Bringing Research to the Marketplace
The National Science Foundation’s (NSF) Innovation Corps (I-Corps™) program uses experiential education to help researchers gain valuable insight into entrepreneurship, starting a business or industry requirements and challenges.
I-Corps™ enables the transformation of invention to impact. The curriculum integrates scientific inquiry and industrial discovery in an inclusive, data-driven culture driven by rigor, relevance, and evidence. Through I-Corps™ training, researchers can reduce the time to translate a promising idea from the laboratory to the marketplace.
Local I-Corps™ Program
Participants are coached on designing and validating a business model around their idea throughout a four-week workshop. The last session invites teams to present on lessons learned as well as a closing reception. Program participants may be eligible to apply for a $50,000 NSF I-Corps™ grant to support travel, and other customer discovery activities.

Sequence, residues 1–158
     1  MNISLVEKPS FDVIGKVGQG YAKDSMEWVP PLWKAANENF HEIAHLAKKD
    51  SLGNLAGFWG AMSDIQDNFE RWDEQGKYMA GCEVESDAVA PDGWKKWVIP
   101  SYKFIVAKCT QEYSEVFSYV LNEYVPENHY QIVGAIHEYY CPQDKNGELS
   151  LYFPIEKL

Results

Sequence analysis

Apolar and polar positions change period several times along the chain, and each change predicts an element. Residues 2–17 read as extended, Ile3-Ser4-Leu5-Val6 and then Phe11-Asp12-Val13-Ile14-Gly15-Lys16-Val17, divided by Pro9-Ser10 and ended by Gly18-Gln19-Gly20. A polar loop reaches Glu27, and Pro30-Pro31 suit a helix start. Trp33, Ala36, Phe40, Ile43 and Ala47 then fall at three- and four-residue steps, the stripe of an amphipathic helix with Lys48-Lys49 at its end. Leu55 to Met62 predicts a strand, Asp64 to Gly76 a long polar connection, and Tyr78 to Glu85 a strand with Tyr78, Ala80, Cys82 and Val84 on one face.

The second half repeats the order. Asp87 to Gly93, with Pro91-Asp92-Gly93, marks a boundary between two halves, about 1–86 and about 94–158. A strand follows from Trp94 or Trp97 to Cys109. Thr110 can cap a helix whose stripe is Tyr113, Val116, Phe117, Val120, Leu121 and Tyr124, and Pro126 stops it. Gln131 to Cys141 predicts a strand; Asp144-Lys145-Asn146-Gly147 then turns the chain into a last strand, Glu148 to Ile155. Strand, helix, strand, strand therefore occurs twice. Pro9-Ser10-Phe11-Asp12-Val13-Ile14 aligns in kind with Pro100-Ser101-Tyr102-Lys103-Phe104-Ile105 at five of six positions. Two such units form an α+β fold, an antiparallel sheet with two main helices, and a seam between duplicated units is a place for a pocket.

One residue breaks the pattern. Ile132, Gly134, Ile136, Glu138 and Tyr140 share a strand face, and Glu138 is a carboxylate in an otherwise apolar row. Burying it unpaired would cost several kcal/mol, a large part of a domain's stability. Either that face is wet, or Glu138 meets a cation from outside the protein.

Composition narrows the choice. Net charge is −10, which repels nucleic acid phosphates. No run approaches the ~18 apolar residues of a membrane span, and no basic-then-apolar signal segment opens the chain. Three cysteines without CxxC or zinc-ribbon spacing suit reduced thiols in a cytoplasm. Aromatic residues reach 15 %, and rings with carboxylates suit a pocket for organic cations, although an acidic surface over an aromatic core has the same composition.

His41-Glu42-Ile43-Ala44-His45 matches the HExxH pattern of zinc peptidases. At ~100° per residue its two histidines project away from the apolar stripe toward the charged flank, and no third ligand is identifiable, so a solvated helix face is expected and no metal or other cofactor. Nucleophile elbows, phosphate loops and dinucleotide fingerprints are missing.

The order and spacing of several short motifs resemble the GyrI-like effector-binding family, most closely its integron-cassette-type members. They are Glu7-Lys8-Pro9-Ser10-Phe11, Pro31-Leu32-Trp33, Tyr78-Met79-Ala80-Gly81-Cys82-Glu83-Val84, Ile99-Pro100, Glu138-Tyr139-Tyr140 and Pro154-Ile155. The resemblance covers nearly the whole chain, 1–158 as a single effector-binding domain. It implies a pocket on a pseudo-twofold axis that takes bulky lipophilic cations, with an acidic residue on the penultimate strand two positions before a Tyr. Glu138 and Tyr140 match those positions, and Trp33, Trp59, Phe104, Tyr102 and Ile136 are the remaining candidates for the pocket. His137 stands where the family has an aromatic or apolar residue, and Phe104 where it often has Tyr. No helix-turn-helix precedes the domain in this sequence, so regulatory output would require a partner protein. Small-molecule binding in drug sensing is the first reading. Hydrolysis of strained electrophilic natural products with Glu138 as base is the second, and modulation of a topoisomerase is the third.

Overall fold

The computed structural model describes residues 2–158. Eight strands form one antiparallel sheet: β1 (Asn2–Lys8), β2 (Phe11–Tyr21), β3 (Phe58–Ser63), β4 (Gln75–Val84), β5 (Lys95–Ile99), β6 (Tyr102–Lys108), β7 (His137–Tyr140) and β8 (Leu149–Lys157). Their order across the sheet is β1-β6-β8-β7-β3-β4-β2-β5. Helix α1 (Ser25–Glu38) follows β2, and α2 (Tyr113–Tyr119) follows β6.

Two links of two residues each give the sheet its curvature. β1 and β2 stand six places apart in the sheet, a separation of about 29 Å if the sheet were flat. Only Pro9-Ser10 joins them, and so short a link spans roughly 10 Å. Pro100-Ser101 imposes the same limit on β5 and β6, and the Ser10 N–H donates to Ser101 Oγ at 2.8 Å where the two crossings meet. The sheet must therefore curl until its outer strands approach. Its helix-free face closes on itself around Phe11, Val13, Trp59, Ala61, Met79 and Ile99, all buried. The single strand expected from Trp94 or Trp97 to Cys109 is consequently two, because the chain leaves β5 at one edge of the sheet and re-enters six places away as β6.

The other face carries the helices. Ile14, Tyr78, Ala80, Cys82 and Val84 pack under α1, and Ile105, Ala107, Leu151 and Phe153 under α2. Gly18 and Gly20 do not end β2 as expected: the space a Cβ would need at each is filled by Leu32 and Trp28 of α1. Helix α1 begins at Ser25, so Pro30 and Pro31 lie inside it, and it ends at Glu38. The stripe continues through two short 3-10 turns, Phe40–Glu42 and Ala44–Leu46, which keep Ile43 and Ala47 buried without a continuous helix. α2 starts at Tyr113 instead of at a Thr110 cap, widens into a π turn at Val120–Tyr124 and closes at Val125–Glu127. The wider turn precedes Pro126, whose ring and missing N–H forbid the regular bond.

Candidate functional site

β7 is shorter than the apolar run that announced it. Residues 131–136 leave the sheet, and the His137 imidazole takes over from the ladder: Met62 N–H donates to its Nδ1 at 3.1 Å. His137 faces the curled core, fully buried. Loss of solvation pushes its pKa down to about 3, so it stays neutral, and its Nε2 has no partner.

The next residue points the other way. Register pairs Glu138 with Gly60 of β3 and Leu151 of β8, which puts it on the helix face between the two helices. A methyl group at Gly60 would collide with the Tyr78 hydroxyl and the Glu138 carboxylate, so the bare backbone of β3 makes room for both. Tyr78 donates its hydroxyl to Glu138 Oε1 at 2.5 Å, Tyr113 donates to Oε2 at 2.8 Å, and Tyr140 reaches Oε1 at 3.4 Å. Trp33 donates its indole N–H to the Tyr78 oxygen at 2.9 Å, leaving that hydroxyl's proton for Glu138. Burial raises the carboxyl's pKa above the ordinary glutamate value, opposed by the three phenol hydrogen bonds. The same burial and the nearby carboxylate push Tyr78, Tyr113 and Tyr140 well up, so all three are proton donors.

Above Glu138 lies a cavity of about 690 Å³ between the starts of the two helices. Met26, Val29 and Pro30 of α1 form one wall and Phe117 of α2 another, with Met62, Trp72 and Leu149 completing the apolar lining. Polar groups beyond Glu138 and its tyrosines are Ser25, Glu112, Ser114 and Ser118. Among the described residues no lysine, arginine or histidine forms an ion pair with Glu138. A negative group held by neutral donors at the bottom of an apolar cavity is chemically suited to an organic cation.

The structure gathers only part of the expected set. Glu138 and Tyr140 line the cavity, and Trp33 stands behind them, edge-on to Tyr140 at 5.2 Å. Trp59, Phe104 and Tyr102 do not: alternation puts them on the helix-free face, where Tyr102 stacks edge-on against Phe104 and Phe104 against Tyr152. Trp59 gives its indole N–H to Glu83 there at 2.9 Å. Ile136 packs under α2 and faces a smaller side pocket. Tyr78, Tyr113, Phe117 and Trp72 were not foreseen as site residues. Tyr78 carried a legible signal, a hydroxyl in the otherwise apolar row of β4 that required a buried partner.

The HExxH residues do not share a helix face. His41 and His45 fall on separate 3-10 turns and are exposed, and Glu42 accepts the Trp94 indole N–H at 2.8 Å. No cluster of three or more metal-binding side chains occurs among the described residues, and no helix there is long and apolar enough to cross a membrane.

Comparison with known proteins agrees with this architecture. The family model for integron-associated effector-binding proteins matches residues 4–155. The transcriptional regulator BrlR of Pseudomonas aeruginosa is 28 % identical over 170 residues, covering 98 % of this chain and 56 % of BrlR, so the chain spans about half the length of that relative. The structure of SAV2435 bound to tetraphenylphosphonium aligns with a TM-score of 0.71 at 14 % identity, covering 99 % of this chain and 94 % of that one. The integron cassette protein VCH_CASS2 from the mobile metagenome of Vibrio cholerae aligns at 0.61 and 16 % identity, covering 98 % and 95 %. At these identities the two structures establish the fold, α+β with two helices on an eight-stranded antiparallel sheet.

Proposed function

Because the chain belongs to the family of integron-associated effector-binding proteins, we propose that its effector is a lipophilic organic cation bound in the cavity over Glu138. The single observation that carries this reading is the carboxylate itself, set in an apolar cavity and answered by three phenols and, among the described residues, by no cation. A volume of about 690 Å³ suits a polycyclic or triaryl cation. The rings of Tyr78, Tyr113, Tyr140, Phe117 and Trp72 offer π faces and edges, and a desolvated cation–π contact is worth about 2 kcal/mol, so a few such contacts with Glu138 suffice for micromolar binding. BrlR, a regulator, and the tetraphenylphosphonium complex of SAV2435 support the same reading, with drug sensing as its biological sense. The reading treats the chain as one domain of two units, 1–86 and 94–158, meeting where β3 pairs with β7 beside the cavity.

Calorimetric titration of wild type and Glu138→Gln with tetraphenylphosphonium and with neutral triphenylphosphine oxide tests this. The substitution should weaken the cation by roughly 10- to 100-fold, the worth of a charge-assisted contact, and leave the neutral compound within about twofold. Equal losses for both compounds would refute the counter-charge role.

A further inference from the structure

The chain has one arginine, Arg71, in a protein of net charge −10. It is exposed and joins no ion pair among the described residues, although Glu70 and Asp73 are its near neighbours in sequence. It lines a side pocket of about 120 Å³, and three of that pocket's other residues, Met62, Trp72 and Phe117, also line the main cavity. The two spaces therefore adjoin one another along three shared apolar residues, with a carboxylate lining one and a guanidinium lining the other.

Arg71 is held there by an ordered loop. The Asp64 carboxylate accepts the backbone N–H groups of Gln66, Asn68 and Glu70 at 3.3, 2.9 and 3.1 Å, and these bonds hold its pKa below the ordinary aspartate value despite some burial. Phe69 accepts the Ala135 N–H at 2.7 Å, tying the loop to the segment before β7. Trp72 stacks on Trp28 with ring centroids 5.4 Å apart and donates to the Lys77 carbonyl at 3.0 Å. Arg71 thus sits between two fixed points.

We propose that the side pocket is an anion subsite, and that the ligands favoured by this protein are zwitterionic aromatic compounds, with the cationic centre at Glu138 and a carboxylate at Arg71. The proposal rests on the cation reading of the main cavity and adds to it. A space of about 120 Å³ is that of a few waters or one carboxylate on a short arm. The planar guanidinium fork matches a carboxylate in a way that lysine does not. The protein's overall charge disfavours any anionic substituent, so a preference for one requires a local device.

Additionally, multiple grants are available after the successful completion of a Milwaukee I-Corps program for teams, mentors, and consultants.
The I-Corps™ Program uses a disciplined, hypothesis-based methodology (Lean Launch) to explore markets through the “customer discovery” process. I-Corps™ teams consisting of academics and business mentors are challenged to conduct at least 20-40 customer interviews in an four-week program.
NSF Great Lakes I-Corps™ Hub
The University of Wisconsin – Milwaukee, home of the Milwaukee I-Corps™ Program, is the affiliate of the Great Lakes I-Corps™ Hub. The NSF I-Corps™ Hub: Great Lakes Region engages academic scientists and engineers in innovation by providing world class educational programs designed to train researchers to extend their focus beyond the laboratory and accelerate the transfer of cutting-edge research into commercial success.
The Milwaukee I-Corps™ Program supports not only UWM, but other academic institutions in Milwaukee as well – including the Medical College of Wisconsin, Marquette University, the Milwaukee School of Engineering, and Concordia University.